To intervene, when he deems it to be advisable in the public interest, in proceedings before any courts, regulatory officers, agencies and bodies, both State and federal, in a representative capacity for and on behalf of the using and consuming public of this State. He shall also have the authority to institute and originate proceedings before such courts, officers, agencies or bodies and shall have authority to appear before agencies on behalf of the State and its agencies and citizens in all matters affecting the public interest.

Yeah, I saw that

I have no doubt in my mind it's in the public's best interest that this law be struck down. You know, if Roy wrote a legal opinion stating as much, it might provide the grounds for him to recuse himself from defending this law.

The question here is:

Is he restricted to defending the people only against outside forces, like corporations violating the law, or can he defend the people against the General Assembly itself, and apparently unconstitutional laws? Can he do that? If it comes into court as part of a class action or criminal complaint, he must defend the State.

But what if, in his opinion, the law itself is unconstitutional? Can he challenge it in any way, the same way a civil or criminal defendant does, before the Court, with himself representing the people, against the General Assembly and its law?

He can and he can't

Therein lies the rub.

I got arrested in Raleigh on Moral Monday for breaking a law I don't believe is valid. I will be going to court and fighting for as long as the money holds out.

The dilemma facing the AG is a moral issue, not just a legal issue.

It's not an ethics problem at all.

If he or Willoughby were to make a half hearted attempt to prosecute the trespassing charges, that would be an ethical violation, a moral one.

I'm asking a legal question. Can he charge the GA with violating the letter of the NC Constitution? Does he have to wait until someone else does? Because then, legally he has to defend the State. This question is, can the AG of the State itself charge that the GA's laws are unconstitutional, and take them to court as defendants?

Ethics! We don't need no stinking ethics!

Everything you wrote is absolutely reasonable. But the ethics underpinning the whole debate is twisted in a giant knot. And with the approval ratings of the legislature and governor in the toilet, I believe it likely that the reputation of Cooper and his office would come out ahead if the public sees him actively pushing back on our behalf. But he's got to strike while the iron is hot.


"Let's not be too rough on our own ignorance; it's what makes America great!" - Frank Zappa (6/29/1988)

Other unconstitutional concerns.

Maybe it's just me, but I think at least one other major bit of work done by the General Assembly recently past is also blatantly unconstitutional under the NC Constitution. Or not, I am no lawyer. But here it is:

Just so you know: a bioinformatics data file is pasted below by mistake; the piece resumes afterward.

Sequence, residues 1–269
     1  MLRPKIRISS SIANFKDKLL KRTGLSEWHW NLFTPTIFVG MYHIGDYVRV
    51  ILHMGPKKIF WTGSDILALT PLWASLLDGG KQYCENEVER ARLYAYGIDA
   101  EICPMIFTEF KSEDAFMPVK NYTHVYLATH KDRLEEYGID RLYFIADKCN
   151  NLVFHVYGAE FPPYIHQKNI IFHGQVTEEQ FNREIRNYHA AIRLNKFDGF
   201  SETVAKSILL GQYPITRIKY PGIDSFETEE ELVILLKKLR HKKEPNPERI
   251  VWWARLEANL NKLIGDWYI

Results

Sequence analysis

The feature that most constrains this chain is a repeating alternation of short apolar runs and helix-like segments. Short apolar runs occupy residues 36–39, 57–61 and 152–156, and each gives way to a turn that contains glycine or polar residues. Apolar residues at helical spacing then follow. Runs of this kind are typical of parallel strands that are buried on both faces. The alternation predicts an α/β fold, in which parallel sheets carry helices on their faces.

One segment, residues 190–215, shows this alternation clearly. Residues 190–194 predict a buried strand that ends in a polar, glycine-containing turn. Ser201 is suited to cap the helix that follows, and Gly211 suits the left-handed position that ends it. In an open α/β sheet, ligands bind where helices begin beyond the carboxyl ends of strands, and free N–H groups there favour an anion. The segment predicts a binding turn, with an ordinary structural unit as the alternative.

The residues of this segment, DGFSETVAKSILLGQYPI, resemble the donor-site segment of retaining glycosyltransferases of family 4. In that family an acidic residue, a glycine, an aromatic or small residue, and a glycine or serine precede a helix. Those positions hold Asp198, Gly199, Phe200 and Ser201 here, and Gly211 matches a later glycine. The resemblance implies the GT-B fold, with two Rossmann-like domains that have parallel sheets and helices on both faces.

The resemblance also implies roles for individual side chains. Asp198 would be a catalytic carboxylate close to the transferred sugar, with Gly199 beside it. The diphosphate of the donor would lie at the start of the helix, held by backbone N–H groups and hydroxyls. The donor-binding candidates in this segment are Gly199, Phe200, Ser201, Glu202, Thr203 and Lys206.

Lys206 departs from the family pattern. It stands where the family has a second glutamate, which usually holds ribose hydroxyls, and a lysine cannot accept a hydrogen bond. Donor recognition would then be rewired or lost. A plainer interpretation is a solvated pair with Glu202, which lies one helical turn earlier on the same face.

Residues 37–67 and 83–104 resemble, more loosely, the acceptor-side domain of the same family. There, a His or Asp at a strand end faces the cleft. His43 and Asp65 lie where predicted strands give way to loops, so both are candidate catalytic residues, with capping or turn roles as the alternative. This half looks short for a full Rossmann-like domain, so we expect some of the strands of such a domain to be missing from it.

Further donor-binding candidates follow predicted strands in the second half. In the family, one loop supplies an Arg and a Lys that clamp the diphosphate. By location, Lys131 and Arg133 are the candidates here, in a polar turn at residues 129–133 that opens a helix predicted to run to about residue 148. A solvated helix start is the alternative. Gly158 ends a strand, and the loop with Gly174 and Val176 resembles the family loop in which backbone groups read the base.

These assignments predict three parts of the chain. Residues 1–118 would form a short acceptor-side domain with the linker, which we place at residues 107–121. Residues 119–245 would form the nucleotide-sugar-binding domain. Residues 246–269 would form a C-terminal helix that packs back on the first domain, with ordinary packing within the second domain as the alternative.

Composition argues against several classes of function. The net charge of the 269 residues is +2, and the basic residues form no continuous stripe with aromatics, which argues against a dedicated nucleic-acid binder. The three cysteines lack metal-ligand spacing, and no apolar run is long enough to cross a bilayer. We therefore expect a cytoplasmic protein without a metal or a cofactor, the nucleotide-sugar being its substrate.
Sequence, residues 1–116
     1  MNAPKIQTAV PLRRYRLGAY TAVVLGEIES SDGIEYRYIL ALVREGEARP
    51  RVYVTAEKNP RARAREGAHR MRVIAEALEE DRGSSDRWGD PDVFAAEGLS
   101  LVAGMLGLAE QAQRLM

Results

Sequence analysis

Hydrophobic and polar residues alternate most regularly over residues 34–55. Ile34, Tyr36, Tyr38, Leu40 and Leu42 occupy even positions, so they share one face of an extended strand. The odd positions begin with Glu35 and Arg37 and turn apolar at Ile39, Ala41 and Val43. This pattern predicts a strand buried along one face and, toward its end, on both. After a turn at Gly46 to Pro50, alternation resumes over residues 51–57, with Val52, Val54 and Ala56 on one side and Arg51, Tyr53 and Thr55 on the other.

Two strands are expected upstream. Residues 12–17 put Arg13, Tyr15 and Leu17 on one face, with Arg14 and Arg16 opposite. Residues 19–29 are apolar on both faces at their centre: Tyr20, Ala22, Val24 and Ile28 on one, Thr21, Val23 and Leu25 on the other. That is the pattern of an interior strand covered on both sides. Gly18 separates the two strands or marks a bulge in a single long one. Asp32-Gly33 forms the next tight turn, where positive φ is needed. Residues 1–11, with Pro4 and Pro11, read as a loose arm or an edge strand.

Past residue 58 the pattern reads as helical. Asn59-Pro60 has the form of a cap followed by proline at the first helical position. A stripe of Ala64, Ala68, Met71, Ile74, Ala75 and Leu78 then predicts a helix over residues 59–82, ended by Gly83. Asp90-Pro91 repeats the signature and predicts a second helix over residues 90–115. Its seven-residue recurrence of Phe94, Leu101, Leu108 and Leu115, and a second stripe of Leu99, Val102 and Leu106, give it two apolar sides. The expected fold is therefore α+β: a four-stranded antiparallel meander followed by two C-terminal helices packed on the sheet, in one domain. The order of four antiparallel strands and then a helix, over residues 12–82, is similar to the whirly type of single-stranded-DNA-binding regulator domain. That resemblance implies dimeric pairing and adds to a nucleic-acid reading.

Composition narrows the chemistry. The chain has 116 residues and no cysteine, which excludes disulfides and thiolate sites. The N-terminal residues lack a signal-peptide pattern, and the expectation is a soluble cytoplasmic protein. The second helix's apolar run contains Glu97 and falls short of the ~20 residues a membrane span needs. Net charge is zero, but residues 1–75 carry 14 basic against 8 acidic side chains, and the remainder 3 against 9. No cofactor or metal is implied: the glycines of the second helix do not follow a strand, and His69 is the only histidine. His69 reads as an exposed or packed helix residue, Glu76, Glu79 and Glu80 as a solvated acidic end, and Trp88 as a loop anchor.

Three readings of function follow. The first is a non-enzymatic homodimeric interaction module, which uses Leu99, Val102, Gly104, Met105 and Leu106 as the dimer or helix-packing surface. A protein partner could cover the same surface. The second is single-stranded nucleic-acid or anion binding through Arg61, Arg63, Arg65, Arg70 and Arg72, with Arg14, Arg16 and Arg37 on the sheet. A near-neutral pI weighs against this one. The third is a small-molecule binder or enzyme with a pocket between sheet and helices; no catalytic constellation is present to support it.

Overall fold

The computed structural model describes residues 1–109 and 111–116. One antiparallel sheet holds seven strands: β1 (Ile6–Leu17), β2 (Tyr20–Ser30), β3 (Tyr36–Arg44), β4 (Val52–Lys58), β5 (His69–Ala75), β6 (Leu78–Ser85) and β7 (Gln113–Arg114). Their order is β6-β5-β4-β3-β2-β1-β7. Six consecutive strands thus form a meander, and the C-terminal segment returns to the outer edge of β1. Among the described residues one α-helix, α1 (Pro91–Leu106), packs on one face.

“Religion, morality, and knowledge being necessary to good government and the happiness of mankind, schools, libraries, and the means of education shall forever be encouraged.” N.C. Const. art. IX, § 1.

“The General Assembly shall provide by taxation and otherwise for a general and uniform system of free public schools, which shall be maintained at least nine months in every year, and wherein equal opportunities shall be provided for all students.” N.C. Const. art. IX, § 2.

“The people have a right to the privilege of education, and it is the duty of the state to guard and maintain that right.” N.C. Const. art. I, § 15.

People can argue whether they have done or failed the first part. But that second part clearly says 'public schools' not anything about providing "by taxation and otherwise" for private schools, which vouchers certainly do and with taxpayer money.

Before Roy Cooper decides to act like a candidate for Governor, he needs to finish being what he already is, the best AG North Carolina has had in living memory. He needs to figure out what those ethical parameters are, and look after the interests of the people. That is his job. We have no one else to do it instead, it is Roy Cooper or it doesn't happen.

(I never thought practicing lawyers made good governors, ever, especially former prosecutors. Bad mindset for the job, just saying)


Former prosecutor. Plays well on the right, though.

Yes, it plays well on the center, too.

Yes, it plays well on the right to be governed by former prosecutors. Wretched sentiments.

But wouldn't it be great if our current Attorney General used his office to actually charge the General Assembly with violating the NC Constitution? If he is charged with defending we, the people, then it would seem that he not only can, but that he should should.

Wouldn't that be just so cool?

It would be cool

as in when hell freezes over.


Or maybe I'm wrong. Maybe the AG will step up and send the message that needs sending to the General Assembly and to the people of North Carolina: "The legislature has over-reached with dire consequences. Someone has to stop their maniacal course. That someone is me."


To anyone reading this from afar, it's clear that none of us are expert in this matter. But the truth is, citizens shouldn't have to be expert to understand what laws and statutes mean.

If you are a person who knows about this, why not chime in?

And if you are Roy Cooper, maybe you could come by and explain the law to us? I'm serious. It would be really good for you to meet some of us. We don't bite.

That's a great idea

I swear I remember Roy coming here before, even if it was just to comment and not post a diary. Am I losing it in my old age?